​Serum Creatine Kinase

​Before starting statins and as indicated (e.g. muscle symptoms)

​Look out for rapid increase in CK post-initiation or increase of statin or fibrate dose. Stop the medication if the CK is three times upper limit of normal or at about 800 IU/L (whichever is lower).

  • ​Lifestyle Changes1

    • Smoking cessation and abstinence

    • Weight reduction

    • Exercise

    • Diet

    • Alcohol consumption reduction and abstinence

Care teams may use the relevant Lifestyle Prescription to help patients understand practical steps they can take to manage lipid disorders. A copy may be printed​ for the patient's use.

  • Pharmacological1

    • Drug classes

    • Initiating therapy

    • ​Monitoring side effects of therapy

Consideration for Specialist Referral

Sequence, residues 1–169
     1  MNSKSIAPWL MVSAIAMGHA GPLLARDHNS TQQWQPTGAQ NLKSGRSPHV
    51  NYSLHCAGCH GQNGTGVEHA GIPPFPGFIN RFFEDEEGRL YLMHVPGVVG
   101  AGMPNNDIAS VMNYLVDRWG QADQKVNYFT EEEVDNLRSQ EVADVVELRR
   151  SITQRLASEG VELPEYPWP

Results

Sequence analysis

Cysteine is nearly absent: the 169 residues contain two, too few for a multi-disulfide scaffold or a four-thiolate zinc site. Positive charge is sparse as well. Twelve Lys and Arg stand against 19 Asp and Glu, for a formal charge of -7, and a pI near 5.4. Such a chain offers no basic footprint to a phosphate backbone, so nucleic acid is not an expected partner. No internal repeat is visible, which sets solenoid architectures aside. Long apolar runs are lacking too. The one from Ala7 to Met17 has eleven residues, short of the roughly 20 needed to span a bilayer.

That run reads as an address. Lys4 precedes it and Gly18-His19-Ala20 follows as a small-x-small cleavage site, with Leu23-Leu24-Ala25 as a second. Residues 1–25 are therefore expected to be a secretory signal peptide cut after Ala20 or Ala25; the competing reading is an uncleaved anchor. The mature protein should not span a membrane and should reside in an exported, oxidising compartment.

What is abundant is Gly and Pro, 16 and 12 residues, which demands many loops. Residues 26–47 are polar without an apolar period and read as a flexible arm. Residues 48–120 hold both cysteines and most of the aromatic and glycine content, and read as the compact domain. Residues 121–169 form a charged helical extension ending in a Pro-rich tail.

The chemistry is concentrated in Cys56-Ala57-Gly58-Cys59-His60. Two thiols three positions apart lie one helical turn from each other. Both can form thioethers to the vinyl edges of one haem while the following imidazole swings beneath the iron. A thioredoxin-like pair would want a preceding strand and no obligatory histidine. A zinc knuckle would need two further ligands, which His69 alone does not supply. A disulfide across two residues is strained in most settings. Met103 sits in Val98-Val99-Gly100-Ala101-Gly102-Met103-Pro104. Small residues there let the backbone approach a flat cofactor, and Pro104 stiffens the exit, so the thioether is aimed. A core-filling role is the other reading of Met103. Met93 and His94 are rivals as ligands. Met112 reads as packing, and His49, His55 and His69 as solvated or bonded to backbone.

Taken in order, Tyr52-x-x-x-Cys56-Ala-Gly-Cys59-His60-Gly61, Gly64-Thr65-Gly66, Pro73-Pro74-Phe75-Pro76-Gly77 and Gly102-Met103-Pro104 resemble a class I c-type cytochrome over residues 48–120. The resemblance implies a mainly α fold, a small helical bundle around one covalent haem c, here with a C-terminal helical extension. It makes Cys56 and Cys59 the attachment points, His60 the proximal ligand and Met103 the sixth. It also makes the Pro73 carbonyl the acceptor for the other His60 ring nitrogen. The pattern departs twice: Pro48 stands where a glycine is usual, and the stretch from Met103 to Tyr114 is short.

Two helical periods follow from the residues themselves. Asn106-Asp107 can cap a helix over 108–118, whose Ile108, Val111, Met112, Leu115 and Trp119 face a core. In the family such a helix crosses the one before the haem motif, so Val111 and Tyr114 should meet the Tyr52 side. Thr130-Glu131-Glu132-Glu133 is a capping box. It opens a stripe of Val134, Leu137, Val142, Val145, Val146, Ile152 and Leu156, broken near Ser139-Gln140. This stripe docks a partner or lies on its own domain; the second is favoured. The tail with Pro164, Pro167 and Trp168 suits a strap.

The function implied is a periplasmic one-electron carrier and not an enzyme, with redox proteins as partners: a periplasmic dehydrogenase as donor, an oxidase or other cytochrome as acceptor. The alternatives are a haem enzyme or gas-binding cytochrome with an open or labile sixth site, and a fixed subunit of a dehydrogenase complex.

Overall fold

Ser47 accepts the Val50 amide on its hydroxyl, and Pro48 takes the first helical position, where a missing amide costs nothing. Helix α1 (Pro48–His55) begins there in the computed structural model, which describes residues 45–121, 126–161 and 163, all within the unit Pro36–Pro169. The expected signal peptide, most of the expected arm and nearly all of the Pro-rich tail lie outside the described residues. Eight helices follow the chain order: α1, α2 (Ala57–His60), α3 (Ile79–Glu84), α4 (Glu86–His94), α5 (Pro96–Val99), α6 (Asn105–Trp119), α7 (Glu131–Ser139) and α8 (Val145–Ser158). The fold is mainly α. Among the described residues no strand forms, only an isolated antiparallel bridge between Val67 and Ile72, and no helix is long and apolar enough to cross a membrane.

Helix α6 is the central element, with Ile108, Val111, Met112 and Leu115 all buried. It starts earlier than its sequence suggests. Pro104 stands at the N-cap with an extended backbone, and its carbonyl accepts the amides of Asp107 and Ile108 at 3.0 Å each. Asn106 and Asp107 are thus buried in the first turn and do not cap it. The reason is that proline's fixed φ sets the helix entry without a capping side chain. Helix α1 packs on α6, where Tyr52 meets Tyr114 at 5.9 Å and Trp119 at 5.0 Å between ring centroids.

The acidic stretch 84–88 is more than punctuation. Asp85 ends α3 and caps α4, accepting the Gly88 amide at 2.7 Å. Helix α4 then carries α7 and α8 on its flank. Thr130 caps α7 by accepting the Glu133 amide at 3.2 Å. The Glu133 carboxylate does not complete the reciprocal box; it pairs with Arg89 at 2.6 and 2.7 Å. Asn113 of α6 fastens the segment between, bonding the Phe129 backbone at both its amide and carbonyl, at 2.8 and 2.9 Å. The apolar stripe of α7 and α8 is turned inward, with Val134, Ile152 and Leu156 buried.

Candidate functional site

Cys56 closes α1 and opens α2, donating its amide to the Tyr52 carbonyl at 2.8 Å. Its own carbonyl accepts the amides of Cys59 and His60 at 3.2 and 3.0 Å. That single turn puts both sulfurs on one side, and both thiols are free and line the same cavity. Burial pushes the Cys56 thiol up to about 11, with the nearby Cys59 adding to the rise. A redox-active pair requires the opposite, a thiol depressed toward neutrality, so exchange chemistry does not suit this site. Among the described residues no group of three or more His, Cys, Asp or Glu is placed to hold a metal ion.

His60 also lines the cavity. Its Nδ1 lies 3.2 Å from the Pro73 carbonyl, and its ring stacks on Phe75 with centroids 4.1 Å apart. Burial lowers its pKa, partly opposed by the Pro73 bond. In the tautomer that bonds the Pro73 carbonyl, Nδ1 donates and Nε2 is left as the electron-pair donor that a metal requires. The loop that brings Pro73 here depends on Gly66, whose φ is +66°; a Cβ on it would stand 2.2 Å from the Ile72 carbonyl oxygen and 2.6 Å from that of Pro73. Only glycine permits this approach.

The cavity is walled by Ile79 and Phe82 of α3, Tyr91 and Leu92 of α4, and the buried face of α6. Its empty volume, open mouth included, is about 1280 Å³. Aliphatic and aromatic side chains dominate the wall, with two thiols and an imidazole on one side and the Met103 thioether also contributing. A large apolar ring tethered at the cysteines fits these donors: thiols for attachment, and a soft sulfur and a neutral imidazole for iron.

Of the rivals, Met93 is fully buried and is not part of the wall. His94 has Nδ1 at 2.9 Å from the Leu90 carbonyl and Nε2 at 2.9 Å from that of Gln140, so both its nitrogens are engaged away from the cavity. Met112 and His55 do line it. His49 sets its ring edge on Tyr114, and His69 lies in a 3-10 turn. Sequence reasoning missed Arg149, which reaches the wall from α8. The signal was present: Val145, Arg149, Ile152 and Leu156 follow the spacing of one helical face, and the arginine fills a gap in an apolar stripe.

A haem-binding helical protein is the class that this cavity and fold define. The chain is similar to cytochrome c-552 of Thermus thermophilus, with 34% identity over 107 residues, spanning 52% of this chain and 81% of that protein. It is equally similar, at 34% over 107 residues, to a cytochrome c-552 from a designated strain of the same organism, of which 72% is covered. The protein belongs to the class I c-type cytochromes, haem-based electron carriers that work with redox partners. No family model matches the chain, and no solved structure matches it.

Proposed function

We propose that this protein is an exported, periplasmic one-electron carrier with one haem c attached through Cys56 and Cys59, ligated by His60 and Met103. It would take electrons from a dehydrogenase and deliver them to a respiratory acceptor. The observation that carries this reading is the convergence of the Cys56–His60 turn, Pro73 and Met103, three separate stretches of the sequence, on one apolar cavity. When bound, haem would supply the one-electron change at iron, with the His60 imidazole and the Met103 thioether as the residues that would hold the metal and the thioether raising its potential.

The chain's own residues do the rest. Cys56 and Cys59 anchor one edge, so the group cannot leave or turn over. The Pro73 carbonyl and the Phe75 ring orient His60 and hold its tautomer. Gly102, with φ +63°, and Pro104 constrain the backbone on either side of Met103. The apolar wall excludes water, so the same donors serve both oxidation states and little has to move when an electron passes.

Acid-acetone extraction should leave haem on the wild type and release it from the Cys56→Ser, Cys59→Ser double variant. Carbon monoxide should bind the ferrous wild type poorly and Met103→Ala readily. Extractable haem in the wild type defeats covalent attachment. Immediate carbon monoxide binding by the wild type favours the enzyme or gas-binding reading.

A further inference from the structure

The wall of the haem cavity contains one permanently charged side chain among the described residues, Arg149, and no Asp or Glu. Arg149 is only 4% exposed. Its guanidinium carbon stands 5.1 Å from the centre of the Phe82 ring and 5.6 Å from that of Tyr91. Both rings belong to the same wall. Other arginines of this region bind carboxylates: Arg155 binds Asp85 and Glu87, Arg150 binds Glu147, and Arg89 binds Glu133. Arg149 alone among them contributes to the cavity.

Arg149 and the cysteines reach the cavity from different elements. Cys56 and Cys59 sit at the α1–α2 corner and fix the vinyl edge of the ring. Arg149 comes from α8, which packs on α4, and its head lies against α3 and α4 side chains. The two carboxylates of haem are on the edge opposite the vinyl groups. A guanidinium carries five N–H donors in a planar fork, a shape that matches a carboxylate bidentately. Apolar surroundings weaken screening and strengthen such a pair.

​Specialist Referral Recommended​

Referral to Gastroenterologist

  • Pre-treatment sustained transaminases 3 times above normal range.

  • Clinical presentation of acute hepatitis. 

  • If the ALT/A​ST is persistently elevated ≥3 times upper limit of normal despite stopping statins.

Patients who are clinically unwell, jaundiced or who will benefit from urgent evaluation should be referred to the A&E.

​Consider Specialist Input

Consider Referral to Endocrinologist

  • Triglyceride level more than 4.5 mmol/L (400 mg/dL) despite dietary changes and maximum tolerated drug therapy.

  • Target parameters not achieved despite maximal drug therapy.

  • Definite or possible FH on Simon Broome Trust diagnostic criteria (or other validated criteria).